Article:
More than 1,100 recent immigrants lived in the area tucked between Bayshore Mall and the Ottawa River, which includes the rental community of Accora Village and a handful of neighbouring buildings, far more than any other area in the city.

The majority of those immigrants are tenants of Ferguslea Properties Ltd., the developer that owns Accora Village. Long-time resident Mete Pamir says that while the neighbourhood is attractive for newcomers settling in Ottawa, having a single landlord presents some challenges.

Pamir moved into the community 17 years ago after immigrating from Turkey. Since then, he’s dedicated a lot of time to his neighbourhood, and is the coordinator of the community oven in Bayshore Park, a plot of green space at the centre of Accora Village.

Mete Pamir immigrated to Accora Village 17 years ago from Turkey, and is the coordinator of the Bayshore community oven.

“This is, in many ways, the heart of the neighbourhood,” Pamir says as he stands in the park, gesturing at the children who file out of the nearby school. As the oven coordinator, he meets hundreds of Accora Village residents at “community bakes” where the public is invited to share bread, pizza, and other baked goods fresh from the oven.

Nearby Bayshore Mall, a local public and Catholic school, and a new outdoor rink built by the Ottawa Senators Foundation are all reasons Pamir suggests immigrants are drawn to Accora Village. However, he says many newcomers are professionals working in the tech sector who leave the rental community in favour of homeownership after a few years.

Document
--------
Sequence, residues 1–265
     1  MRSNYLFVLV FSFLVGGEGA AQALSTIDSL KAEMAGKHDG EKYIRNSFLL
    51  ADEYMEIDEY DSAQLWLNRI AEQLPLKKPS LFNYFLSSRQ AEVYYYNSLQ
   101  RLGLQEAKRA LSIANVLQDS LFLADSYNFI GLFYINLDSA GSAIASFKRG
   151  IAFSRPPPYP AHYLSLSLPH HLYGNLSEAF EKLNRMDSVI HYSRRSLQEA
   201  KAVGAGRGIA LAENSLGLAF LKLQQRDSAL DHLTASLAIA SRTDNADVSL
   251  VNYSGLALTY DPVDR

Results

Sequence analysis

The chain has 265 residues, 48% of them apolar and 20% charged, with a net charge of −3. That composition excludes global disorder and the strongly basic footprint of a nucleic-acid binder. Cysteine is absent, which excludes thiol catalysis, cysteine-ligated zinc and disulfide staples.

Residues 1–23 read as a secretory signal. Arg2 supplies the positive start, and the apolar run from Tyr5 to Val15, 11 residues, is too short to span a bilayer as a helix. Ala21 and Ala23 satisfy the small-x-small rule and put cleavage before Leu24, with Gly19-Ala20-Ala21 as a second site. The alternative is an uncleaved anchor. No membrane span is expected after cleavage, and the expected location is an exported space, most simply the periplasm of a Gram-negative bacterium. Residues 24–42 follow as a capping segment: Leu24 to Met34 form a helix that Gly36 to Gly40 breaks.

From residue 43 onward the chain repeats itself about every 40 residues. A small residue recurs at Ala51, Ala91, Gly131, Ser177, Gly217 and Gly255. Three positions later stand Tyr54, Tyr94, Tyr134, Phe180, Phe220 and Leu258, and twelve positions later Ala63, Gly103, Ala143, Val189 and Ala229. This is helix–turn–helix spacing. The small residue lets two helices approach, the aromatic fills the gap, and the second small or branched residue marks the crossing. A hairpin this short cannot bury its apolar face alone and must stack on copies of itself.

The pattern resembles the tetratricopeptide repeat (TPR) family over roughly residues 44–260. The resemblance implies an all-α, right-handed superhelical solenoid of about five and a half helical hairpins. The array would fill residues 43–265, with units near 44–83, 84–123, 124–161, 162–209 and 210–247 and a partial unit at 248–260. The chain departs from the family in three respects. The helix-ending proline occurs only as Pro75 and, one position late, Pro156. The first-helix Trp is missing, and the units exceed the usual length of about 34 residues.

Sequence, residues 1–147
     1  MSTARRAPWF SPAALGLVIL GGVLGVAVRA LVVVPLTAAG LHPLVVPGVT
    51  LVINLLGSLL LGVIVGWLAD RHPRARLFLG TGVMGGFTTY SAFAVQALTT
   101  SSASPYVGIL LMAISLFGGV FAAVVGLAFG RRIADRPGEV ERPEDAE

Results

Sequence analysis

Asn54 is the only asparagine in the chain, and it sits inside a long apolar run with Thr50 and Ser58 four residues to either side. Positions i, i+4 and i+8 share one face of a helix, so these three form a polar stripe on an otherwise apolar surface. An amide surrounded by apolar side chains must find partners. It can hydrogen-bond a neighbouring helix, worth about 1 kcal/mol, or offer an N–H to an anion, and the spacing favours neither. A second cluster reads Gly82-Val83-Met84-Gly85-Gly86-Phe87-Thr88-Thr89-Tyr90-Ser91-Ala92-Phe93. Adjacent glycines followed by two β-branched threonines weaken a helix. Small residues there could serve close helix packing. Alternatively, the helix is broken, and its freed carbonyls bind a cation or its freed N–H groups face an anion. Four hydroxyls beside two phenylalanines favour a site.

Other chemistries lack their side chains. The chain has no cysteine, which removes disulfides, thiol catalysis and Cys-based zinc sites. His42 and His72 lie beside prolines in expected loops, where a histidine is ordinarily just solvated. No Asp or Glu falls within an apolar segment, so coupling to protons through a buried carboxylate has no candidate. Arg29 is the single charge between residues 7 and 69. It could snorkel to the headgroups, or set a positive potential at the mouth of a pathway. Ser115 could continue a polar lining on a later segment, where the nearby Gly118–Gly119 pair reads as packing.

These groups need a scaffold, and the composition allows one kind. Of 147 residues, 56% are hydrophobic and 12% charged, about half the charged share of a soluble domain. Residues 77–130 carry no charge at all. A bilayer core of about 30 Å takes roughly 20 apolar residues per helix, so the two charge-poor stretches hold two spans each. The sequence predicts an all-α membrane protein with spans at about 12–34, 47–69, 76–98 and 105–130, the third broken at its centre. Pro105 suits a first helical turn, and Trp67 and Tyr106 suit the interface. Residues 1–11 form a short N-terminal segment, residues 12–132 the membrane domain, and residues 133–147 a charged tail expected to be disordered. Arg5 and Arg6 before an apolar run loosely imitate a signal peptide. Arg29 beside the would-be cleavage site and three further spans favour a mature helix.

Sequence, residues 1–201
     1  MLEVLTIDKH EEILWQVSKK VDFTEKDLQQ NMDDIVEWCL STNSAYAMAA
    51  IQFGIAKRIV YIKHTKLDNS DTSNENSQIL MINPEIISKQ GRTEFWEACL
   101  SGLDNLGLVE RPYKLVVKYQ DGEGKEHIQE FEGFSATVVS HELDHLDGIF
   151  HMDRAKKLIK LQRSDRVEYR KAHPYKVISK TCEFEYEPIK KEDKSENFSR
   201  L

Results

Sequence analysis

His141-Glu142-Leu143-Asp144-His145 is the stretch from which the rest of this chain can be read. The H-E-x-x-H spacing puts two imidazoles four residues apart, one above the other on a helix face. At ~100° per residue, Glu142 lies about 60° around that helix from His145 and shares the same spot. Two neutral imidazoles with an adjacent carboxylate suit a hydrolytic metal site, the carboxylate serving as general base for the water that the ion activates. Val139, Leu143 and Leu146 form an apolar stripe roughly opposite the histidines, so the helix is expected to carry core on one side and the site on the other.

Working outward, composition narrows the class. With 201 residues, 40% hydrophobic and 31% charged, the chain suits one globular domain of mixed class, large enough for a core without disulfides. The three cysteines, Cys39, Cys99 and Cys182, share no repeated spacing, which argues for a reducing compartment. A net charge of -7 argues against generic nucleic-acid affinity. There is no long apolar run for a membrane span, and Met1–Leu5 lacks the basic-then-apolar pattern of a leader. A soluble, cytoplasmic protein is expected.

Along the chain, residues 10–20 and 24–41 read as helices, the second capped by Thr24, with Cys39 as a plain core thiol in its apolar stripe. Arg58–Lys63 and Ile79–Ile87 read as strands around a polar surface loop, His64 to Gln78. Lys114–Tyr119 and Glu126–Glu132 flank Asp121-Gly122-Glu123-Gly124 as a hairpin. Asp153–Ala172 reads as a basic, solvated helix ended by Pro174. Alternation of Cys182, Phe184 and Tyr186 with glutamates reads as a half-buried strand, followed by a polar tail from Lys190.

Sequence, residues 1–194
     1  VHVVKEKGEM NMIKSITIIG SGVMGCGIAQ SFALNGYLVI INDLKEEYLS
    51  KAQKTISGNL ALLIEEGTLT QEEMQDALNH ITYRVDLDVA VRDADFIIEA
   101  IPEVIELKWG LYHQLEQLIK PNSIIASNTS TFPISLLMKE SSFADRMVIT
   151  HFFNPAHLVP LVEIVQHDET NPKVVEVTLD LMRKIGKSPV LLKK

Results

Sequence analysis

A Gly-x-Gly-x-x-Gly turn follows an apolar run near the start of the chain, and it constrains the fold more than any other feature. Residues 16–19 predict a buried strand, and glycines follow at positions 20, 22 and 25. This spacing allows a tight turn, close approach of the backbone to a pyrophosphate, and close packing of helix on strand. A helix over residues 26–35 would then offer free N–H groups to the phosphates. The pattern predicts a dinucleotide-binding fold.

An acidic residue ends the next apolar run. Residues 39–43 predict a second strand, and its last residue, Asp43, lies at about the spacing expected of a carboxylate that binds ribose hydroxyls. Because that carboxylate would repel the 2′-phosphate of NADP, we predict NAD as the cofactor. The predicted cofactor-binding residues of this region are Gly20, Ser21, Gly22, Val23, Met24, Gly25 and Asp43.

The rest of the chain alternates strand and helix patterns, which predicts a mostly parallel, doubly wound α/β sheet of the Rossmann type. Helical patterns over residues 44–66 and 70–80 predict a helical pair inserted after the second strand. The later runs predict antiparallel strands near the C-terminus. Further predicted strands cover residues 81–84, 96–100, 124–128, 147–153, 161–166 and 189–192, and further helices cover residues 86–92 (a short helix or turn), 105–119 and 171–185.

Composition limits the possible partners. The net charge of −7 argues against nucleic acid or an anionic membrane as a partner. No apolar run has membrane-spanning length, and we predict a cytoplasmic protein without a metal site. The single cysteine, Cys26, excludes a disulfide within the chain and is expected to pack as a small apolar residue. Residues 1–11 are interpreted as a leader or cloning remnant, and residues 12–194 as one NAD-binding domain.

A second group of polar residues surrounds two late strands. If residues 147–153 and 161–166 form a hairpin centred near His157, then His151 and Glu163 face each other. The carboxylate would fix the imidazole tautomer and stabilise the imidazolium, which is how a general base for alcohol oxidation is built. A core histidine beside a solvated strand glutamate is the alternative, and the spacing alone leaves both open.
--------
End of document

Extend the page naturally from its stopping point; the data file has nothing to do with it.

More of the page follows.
“People don’t live here very long,” Pamir says. As a result, he says there’s a “disconnect” between Ferguslea and its tenants.

Until a few years ago, the community of Accora Village was known as “Bayshore,” but it was rebranded in 2011. Since then, a number of buildings in the neighbourhood have undergone major renovations and Pamir says he’s noticed changes in the branding of the community.

“The bulk of the residents here are newcomers,” he says. “But the image that Accora projects in their marketing is all white, very upper class.”

Pamir says he worries this will have an upward pressure on rents, and he criticises the city for taking a “hands off” approach to resolving housing issues in the community.

Census tracts are visualized based on the number of recent immigrants, according to the 2016 Canadian census. Clicking on the census tract will reveal the number of recent immigrants in the area in 2016 and 2011, as well as the percentage of houses in the area considered “not suitable” in 2016 and 2011. Black lines indicated Ottawa municipal ward boundaries. (Census tracts are small areas in metropolitan areas with between about 2,500 and 8,000 people, defined by Statistics Canada.) 

Census data shows that Accora Village has one of the highest rates of dwellings that are unsuitable according to the National Occupancy Standard. This sets the standard for the number of people who should be living in a residence based on the number of bedrooms.